DETROIT/SEOUL (Reuters) - Hyundai Motor Co (005380.KS) plans to expand its U.S. factory, three people familiar with the matter said, hoping to ramp up production of sport utility vehicles (SUVs) as lower oil prices boost demand for gas-guzzling trucks.
Sales of the South Korean automaker’s sedans like the Elantra and Sonata are slowing in the United States as consumers take advantage of lower fuel prices to switch to bigger, less fuel-efficient SUVs.
“It’s a new assembly line right next to the current Alabama line. State of Alabama is negotiating final terms,” one of the sources said, referring to the company’s planned new production facility.
A Hyundai spokesman said there were “no plans at this stage” to increase capacity in the United States.
Hyundai Motor’s shares rose as much as 3.2 percent to their highest intraday level in about two months on the news, initially reported by South Korea’s Yonhap News Agency.
Hyundai currently builds its Santa Fe SUV at affiliate Kia Motors’ (000270.KS) production facilities in Georgia, while importing Tucson compact SUVs from Korea.
Hyundai’s factory in Alabama builds its Elantra compact and Sonata mid-sized sedans.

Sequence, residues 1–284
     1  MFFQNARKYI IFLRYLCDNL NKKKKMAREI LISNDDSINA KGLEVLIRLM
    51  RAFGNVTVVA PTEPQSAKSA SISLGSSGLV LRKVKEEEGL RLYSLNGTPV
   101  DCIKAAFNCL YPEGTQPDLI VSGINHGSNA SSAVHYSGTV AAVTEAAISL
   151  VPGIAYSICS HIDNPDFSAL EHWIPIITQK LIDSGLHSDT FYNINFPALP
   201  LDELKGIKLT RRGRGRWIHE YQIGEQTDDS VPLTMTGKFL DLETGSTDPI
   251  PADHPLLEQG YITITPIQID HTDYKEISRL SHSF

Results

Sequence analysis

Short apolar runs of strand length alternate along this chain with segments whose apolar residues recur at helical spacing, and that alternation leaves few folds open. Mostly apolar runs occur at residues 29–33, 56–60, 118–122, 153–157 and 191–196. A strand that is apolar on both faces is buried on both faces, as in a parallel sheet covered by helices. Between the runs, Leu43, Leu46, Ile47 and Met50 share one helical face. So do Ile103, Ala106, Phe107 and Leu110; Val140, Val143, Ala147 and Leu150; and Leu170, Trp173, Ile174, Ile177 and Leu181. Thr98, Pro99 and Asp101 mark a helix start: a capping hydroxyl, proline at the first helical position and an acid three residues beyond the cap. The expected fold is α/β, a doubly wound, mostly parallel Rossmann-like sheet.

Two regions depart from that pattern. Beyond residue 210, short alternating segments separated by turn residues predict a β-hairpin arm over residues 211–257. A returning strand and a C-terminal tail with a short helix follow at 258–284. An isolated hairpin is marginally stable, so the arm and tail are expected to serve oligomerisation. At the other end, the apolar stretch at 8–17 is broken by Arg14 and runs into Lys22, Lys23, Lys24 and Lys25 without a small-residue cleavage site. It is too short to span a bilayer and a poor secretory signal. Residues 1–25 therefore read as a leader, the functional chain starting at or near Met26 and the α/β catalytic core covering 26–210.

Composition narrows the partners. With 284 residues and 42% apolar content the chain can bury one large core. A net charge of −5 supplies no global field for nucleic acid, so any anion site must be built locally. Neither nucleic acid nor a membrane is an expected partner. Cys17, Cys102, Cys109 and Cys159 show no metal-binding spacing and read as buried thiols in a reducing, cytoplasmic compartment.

Two other sources said Hyundai had been considering building a new U.S. assembly line to cope with SUV demand, but they had not heard about a final decision. The sources would not be identified because the matter was confidential.
“Hyundai needs to build a second plant in the U.S,” Korea Investment & Securities auto analyst Suh Sung-moon said.
He said Hyundai might transfer Santa Fe production to Alabama, which could also produce the Tucson and a pick-up truck. Hyundai currently does not sell a pick-up truck in the United States.
Yonhap reported the new plant in Alabama would have annual capacity of 300,000 vehicles and start SUV production in 2017.
U.S. sales of Hyundai, a strong performer during the 2009 global economic downturn, rose 4 percent from January to February, lagging the market’s 9 percent growth.
Hyundai Motor will launch a revamped version of its Tucson SUV in Korea this month, followed by the United States and other countries.
Kia Motors plans to start production at its first Mexico plant in the first half of next year, to help ease capacity constraints at its U.S. factory.
($1 = 1,124.2100 won)
Additional reporting and writing by Hyunjoo Jin in SEOUL; Editing by Kevin Liffey, Richard Chang and Stephen Coates